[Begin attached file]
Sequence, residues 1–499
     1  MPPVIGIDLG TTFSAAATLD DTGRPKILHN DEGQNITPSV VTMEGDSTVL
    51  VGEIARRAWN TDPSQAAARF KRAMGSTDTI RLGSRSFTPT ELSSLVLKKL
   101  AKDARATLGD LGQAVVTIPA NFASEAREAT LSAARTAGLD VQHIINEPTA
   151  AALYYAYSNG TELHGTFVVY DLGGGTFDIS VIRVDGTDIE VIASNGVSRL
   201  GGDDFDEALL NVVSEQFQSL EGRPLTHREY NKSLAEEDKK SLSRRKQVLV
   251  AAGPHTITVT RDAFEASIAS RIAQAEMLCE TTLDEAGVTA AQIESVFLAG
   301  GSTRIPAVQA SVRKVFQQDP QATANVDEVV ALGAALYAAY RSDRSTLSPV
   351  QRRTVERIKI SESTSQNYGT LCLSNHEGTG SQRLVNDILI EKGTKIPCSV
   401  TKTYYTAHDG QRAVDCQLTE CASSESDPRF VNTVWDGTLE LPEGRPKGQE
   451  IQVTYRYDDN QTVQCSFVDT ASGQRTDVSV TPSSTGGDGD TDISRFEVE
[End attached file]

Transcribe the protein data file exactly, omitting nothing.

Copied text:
Sequence, residues 1–499
     1  MPPVIGIDLG TTFSAAATLD DTGRPKILHN DEGQNITPSV VTMEGDSTVL
    51  VGEIARRAWN TDPSQAAARF KRAMGSTDTI RLGSRSFTPT ELSSLVLKKL
   101  AKDARATLGD LGQAVVTIPA NFASEAREAT LSAARTAGLD VQHIINEPTA
   151  AALYYAYSNG TELHGTFVVY DLGGGTFDIS VIRVDGTDIE VIASNGVSRL
   201  GGDDFDEALL NVVSEQFQSL EGRPLTHREY NKSLAEEDKK SLSRRKQVLV
   251  AAGPHTITVT RDAFEASIAS RIAQAEMLCE TTLDEAGVTA AQIESVFLAG
   301  GSTRIPAVQA SVRKVFQQDP QATANVDEVV ALGAALYAAY RSDRSTLSPV
   351  QRRTVERIKI SESTSQNYGT LCLSNHEGTG SQRLVNDILI EKGTKIPCSV
   401  TKTYYTAHDG QRAVDCQLTE CASSESDPRF VNTVWDGTLE LPEGRPKGQE
   451  IQVTYRYDDN QTVQCSFVDT ASGQRTDVSV TPSSTGGDGD TDISRFEVE